Roman women used much of the same eye makeup as their Egyptian counterparts, favoring greens (ground malachite) and blues (ground azurite). Roman beauty was focused on large eyes with long, dark lashes, so women also used kohl to enlarge the appearance of their eyes, and soot or antimony to darken their eyebrows. It is possible women used red dyes from India to color their nails, but there is little evidence of lipstick in the Latin world. The one thing both Roman men and women could agree on was a love of perfume and fragrance – rose, iris, and honey being popular scents.
For all of these cosmetics, just like today, there were expensive designer brands favored by the wealthy and hordes of cheap knockoffs that the average woman could afford. Roman men might want to restrict makeup usage exclusively to prostitutes, but virtually all women (and more men than they’d have you believe) used some kind of cosmetics in their daily life. The only women specifically forbidden to wear any were the Vestal virgins, as a sign of their virtue and literal chastity.
While not as fanatical about hair removal as the Egyptians, Roman women plucked and removed excess hair in much the same way, save for the head shaving. Resin preparations were used like waxing, or hair was worked off with a pumice stone. During the period of time we’re discussing, Roman men were typically clean-shaven, but that would slowly change as the empire expanded and beards would eventually be en vogue.
Octavius and the Roman writers moaning for the simple and heroic past might also want to restrict women to very plain hairstyles of simple buns and knots, but that wouldn’t last for very long. Roman women were adept at using curling irons, hairpieces, and wigs to sculpt their coifs into nearly every shape you can imagine. Below are a few examples of the ladies Augusti advertising their modesty with their understated ‘dos, and then some more daring examples from their friends and the women of the later empire.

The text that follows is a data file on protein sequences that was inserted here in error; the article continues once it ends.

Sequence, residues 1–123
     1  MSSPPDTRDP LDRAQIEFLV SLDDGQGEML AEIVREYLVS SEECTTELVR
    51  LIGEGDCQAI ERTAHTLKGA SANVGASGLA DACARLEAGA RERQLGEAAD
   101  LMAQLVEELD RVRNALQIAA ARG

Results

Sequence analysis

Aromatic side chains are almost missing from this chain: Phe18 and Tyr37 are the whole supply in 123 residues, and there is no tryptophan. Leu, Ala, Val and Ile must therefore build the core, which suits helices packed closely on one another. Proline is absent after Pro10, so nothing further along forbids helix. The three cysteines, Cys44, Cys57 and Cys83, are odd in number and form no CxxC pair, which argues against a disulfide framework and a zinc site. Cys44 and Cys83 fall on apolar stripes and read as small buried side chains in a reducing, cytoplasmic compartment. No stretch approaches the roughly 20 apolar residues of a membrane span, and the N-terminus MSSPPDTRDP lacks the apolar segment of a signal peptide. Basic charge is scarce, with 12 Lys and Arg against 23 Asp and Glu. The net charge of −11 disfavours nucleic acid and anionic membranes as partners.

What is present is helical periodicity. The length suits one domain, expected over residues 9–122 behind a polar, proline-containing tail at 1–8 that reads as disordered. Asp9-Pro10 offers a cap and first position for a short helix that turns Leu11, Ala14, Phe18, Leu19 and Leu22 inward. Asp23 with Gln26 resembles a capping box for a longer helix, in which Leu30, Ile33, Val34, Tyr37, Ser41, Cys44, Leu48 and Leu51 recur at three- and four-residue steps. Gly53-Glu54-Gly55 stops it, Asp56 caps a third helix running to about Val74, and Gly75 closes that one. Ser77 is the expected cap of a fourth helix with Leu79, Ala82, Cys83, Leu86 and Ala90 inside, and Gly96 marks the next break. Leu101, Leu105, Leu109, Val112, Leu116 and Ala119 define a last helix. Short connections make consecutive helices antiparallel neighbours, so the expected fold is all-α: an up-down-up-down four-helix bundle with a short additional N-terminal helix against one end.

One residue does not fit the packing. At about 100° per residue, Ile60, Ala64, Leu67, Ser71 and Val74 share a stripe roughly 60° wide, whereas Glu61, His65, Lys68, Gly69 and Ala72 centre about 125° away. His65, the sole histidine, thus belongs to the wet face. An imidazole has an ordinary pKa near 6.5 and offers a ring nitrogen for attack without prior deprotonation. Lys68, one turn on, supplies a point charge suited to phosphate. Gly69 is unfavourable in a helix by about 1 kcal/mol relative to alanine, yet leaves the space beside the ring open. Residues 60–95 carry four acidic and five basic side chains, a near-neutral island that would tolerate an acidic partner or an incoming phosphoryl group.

Ovid writes a very funny poem on this subject to his muse, Corinna, who suffers an embarrassing mishap while trying to emulate the latest elaborate hairstyle:
“…You decided on corkscrew ringlets. The irons were heated, / Your poor hair crimped and racked/ Into spiraling curls. ‘It’s a crime,’ I told you, ‘a downright/ Crime to singe it like that. Why on earth/ Can’t you leave well alone? You’ll wreck it, you obstinate creature,/ It’s not for burning… gone, all gone… Poor sweet — she’s shielding her face to hide those ladylike/ Blushes, and making a brave effort not to cry/ As she stares at the ruined hair in her lap, a keepsake/ Unhappily out of place. Don’t worry, love,/ Just put on your makeup. This loss is by no means irreparable—/ Give it time, and your hair will grow back as good as new.”
Beautiful hair pins and nets were often used by upper class Roman women, as were various tiaras and diadems. But simple cloth and silk bands were also prevalent, each style lending itself to one or the other.
Jewelry was also a somewhat more understated affair in Rome, at least compared to Egypt. Although Romans would also wear jewelry to ward off the evil eye, they were arguably more indiscriminate in their materials, using gold and silver, but also bone, bronze, and pearls. Like with cosmetics, women where the dominant wearers, though Roman men would wear rings. Roman women would wear necklaces, bracelets, earrings, and rings, the design of which are often very similar to we might wear today.
But one of the biggest uses of jewelry display for both sexes were their fibulae, the brooches and pins that fastened one’s tunica, stola, or toga together. Fibulae might be very simple, or incredibly intricate, as the examples below show.
And there you have it, a brief look at putting on the finishing touches on your outfit in the 1stcentury BC/ AD. Unlike wearing togas and kilts, this part of ancient living feels very familiar: people following the latest trends, social critics bemoaning the corruption of virtue through makeup and crazy hairstyles, all of it sounds like every Buzzfeed think piece you’ve ever read. So, don’t fret over the next fad that comes your way, because this is one part of the human condition where plus ça change, plus c’est la même chose.